To be admitted to the program on regular status, an applicant must have a master’s degree or the equivalent, a minimum grade-point average of 3.5 in graduate-level courses, and at least three letters of recommendation from persons qualified to assess the applicant’s ability to pursue advanced graduate study.

In addition to meeting the requirements of the university and the College of Arts and Letters, students must meet the requirements specified below.

Requirements for the Doctor of Philosophy Degree in Rhetoric and Writing

The student must:

1. Complete a minimum of 27 credits of graduate course work. No more than 6 credits of 400-level course work will count toward the degree.
2. All of the following core courses (18 credits):
WRA 805 Rhetoric Theory and History 3
WRA 853 Workshop in Rhetoric and Writing 3
WRA 870 Research Methodologies in Rhetoric and Writing 3
WRA 878 Composition Studies: Issues, Theory, and Research 3
WRA 882 Contemporary Theories of Rhetoric 3
WRA 885 Research Colloquium 3
3. Concentrations.
Complete at least three courses, a minimum of 9 credits, in one of the following concentrations:  Critical Studies in Literacy and Pedagogy, Cultural Rhetorics, or Digital Rhetoric and Professional Writing. A list of courses eligible for each concentration is available from the program director. Courses used to fulfill core requirements may not be used to satisfy concentration requirements. Other concentrations may be approved the student’s guidance committee.
4. Complete the language requirement through one of the following:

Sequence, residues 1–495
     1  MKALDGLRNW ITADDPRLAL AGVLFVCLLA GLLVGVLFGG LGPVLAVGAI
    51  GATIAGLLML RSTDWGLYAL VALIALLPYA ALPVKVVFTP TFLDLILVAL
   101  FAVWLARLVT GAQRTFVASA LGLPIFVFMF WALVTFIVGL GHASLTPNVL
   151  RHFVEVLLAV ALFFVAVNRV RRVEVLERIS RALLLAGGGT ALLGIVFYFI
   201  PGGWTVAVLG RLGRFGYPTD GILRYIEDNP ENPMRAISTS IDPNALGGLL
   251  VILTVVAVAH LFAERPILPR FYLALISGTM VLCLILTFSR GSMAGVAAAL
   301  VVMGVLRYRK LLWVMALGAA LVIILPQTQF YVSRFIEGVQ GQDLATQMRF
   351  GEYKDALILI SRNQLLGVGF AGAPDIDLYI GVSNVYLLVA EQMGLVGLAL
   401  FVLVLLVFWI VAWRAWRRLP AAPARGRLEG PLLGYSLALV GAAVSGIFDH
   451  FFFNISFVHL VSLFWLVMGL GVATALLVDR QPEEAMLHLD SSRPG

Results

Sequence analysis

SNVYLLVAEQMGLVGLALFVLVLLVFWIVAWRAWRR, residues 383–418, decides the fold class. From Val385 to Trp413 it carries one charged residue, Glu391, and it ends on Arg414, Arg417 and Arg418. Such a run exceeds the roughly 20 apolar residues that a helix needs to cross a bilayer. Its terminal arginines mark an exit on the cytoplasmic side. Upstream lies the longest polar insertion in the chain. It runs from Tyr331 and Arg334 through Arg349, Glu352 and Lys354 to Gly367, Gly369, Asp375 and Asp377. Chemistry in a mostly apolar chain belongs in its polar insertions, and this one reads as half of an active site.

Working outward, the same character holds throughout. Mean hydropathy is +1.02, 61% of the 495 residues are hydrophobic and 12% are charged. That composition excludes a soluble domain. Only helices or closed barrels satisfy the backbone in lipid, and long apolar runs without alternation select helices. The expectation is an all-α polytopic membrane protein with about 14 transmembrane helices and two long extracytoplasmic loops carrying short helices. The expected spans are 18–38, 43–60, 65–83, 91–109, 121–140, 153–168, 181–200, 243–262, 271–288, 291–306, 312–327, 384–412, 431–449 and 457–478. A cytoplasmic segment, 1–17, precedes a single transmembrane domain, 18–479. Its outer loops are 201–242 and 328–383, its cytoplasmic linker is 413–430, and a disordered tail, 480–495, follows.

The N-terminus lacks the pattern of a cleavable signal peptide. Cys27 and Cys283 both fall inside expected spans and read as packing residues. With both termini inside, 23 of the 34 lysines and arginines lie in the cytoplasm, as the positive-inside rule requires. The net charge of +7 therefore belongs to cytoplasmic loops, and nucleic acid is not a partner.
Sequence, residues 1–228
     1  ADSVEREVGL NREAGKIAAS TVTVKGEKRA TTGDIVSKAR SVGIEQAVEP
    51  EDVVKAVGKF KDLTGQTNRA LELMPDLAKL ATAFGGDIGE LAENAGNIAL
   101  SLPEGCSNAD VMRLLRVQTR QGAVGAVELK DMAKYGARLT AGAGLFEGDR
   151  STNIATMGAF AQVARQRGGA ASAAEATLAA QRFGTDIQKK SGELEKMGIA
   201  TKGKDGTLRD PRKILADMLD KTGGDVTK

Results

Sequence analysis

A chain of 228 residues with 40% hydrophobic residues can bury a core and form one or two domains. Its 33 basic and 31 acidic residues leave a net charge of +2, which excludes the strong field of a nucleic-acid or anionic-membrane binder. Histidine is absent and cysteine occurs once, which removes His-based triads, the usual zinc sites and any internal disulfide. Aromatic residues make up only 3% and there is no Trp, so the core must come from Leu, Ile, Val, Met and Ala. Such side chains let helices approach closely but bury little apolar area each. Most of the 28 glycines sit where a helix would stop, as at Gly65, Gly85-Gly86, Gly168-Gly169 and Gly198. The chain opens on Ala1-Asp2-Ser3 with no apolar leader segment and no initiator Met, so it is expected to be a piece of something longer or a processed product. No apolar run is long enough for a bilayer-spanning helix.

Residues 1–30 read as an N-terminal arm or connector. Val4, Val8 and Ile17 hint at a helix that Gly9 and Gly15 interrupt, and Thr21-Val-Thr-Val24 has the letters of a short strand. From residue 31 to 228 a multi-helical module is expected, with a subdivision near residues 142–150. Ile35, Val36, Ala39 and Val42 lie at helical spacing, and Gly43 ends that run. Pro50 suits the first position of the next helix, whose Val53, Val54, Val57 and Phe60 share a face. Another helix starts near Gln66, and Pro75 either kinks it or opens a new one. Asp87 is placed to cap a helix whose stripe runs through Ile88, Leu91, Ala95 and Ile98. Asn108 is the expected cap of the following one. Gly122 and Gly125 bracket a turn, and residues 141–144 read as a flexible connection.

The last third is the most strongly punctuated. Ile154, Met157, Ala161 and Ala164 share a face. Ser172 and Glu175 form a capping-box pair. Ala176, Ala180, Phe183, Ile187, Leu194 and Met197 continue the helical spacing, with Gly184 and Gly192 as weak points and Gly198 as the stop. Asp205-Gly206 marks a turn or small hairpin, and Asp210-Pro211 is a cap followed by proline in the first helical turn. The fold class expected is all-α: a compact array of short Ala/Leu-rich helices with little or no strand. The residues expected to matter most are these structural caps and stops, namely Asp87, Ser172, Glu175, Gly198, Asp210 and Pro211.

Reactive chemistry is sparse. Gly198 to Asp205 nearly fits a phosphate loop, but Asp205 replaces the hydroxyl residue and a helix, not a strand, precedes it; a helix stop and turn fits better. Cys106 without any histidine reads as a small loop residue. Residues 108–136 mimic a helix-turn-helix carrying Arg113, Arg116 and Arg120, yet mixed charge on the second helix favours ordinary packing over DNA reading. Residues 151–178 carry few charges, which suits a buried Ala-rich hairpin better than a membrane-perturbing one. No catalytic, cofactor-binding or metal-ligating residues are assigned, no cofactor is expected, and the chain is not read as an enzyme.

a. Demonstrate second-year proficiency in a foreign language including American Sign Language.
b. Complete two courses in language variation.These courses can not be courses used to fulfill the core or concentration requirements.
c. Complete two courses in African American vernacular English and rhetoric. These courses cannot be courses used to fulfill the core or concentration requirements.
d. Complete two courses in teaching English to speakers of other languages. These courses cannot be courses used to fulfill the core or concentration requirements.
e. With the approval of the guidance committee and as appropriate to the student’s research interests, demonstrate proficiency in a specialized symbolic system, such as a computer language, statistics, etc.
5. Pass two written comprehensive examinations: one on the core and one on the areas of concentration.
6. Pass a pre-dissertation examination consisting of an oral examination based on a written prospectus and a preliminary bibliography for the dissertation project.
7. Pass a final oral examination in defense of the dissertation.

Academic Standards

A student must maintain a cumulative grade-point average of at least 3.5 in all graduate courses.

A student may count toward the degree only those courses in which the student has received a grade of 3.0 or higher.

A student may accumulate no more than 6 credits with a grade below 3.0 in rhetoric and writing courses taken for the purpose of satisfying the degree requirements.

A student who fails the comprehensive examinations, the pre-dissertation examination, or the final oral examination in defense of the dissertation, may repeat that examination only once, during the following semester.